Flo Hyman : biography
Flora ("Flo") Jean Hyman (July 31, 1954 – January 24, 1986) was an American volleyball athlete and Olympic silver medalist. She died during a volleyball match in Japan as a result of Marfan syndrome.
- Three times All American
- World Cup Competition, top six players of 1981
- Best Hitter, World Cup Competition 1981
- Bronze medal in the 1982 World Championship Peru
- Silver medal in the 1984 US Olympics
- Sports Illustrated November 29, 1999 #69 on greatest woman athletes of the century
- The Flo Hyman Memorial Award is named in her honor.
- In 1985, Flo Hyman appeared in a film entitled Order of the Black Eagle, in which she portrayed a knife-wielding mercenary named Spike.
- The National Girls and Women in Sports Day (NGWSD), is celebrated in all 50 states with a variety of activities, to remember and honor Flo Hyman. It was created and is supported by Girls Incorporated, Girl Scouts of the USA, the National Association for Girls and Women in Sport, the Women's Sports Foundation and the YWCA of the U.S.A.http://www.aahperd.org/nagws/programs/ngwsd/History.cfm
After the Olympics, Hyman moved to Japan, where she played for the Daiei team. In the summer of 1986, she intended to return to the United States permanently, but never got the chance to do so. On January 24, 1986, Hyman collapsed while sitting on the sidelines after being substituted out in a game against Hitachi. She told her team to keep fighting, then moments later slid to the floor and died.
At first, the cause of her death was stated to be a heart attack, but an autopsy carried out in Culver City, California, six days after her death, at the request of her family, discovered that she had a very healthy heart. Instead, Flo Hyman's death was due to an aortic dissection resulting from previously undiagnosed Marfan syndrome, a relatively common genetic disorder that affects more than 1 in 5,000 people.http://www.marfan.org/marfan/2280/About-Marfan-Syndrome|National Marfan Foundation Apart from her height, near-sightedness, very long arms and large hands, she showed few other physical symptoms. Hyman's sneaker size was a US size 12. There was a three week old blood clot around the tear, indicating that an earlier rip in the same spot had already begun to heal when the fatal second rupture occurred in her aorta.http://www.volleyhall.org/hyman.html
Doctors later discovered Hyman's brother had Marfan's Syndrome as well, and he underwent an open heart surgery afterwards. Experts believed Hyman was lucky to have survived as long as she did, playing a physically demanding sport such as volleyball.
She is buried at Inglewood Park Cemetery, Inglewood, California.
Early Life and Education
Hyman was the second of eight children. She was always the tallest in her grade, and as a child, Hyman was self-conscious about her rapid growth and height, but her mother taught her to be proud of it. Hyman's parents were tall. Her father was 6'1" (1.85 m) tall and her mother 5'11" (1.80 m), but Flo was to outgrow both of them. She stood six feet tall (1.83m) on her 12th birthday and her final adult height, which she reached by her 17th birthday, was just over 6' 5" (1.96 m).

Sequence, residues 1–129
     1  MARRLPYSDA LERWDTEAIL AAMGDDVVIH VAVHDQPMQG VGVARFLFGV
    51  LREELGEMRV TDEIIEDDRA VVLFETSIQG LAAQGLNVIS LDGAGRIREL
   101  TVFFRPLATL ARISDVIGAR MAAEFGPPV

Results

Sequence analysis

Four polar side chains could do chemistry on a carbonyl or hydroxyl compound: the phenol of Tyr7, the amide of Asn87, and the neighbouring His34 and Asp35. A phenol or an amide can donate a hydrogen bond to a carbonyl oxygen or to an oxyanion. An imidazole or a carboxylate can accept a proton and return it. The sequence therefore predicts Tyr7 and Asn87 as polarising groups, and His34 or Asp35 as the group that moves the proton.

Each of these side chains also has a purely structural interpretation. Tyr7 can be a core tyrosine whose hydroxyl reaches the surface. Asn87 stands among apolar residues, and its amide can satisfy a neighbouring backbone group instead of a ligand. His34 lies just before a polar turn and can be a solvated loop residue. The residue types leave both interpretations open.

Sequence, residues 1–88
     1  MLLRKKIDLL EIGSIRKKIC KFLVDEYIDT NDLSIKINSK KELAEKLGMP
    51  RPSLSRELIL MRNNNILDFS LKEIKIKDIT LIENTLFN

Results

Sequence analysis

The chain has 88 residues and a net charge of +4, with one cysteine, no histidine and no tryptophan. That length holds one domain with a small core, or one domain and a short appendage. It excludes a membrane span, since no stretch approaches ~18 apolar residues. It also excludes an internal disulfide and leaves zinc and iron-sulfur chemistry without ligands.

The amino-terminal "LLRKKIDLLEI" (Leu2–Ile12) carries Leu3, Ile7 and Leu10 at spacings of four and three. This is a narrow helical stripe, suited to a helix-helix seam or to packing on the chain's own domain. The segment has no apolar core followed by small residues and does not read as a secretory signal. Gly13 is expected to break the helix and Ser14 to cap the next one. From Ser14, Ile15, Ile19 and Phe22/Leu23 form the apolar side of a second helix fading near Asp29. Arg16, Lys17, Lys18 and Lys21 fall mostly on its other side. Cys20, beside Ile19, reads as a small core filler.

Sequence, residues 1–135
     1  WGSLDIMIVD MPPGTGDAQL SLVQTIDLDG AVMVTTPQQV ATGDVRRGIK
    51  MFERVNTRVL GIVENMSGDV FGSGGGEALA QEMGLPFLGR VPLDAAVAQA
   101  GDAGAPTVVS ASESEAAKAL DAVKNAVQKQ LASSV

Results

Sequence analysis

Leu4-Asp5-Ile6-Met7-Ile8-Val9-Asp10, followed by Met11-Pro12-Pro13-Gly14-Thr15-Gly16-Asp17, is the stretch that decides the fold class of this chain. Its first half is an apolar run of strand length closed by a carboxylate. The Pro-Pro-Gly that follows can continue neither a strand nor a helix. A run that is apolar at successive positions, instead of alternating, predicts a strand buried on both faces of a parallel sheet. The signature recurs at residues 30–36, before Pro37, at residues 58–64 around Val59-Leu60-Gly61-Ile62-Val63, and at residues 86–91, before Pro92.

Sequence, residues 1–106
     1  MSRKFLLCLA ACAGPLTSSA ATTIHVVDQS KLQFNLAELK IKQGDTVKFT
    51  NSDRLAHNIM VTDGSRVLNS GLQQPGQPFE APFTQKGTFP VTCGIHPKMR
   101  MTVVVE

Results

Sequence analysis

Hyman graduated from Morningside High School in Inglewood, California and then attended El Camino College for one year before transferring to the University of Houston as that school's first female scholarship athlete. She did not complete her final year, focusing her attention on her volleyball career. Hyman said she would graduate once her volleyball career was over and that "You can go to school when you're 60. You're only young once, and you can only do this once".
Contribution to volleyball
"I had to learn to be honest with myself. I had to recognize my pain threshold. When I hit the floor, I have to realize it's not as if I broke a bone. Pushing yourself over the barrier is a habit. I know I can do it and try something else crazy. If you want to win the war, you've got to pay the price."
By 1974, Hyman was a member of the US volleyball team, but the team did not play in the 1980 Olympic Games due to the boycott of the Moscow games. Hyman played in the 1981 World Cup and the 1982 World Championship, when the US won the bronze medal. A speciality of Hyman was the "Flying Clutchman," a fast, hard-impacting volleyball spike that travels at 110 mph (180 km/h). It was perfected under Dr. Gideon Ariel, a former 1960 and 1964 Olympic shot putter in Coto de Caza, California. At the 1984 Olympics, Hyman, by now both the tallest and oldest member of the team, led the US to the silver medal, beaten by China in the final. The United States had defeated them earlier in the tournament.
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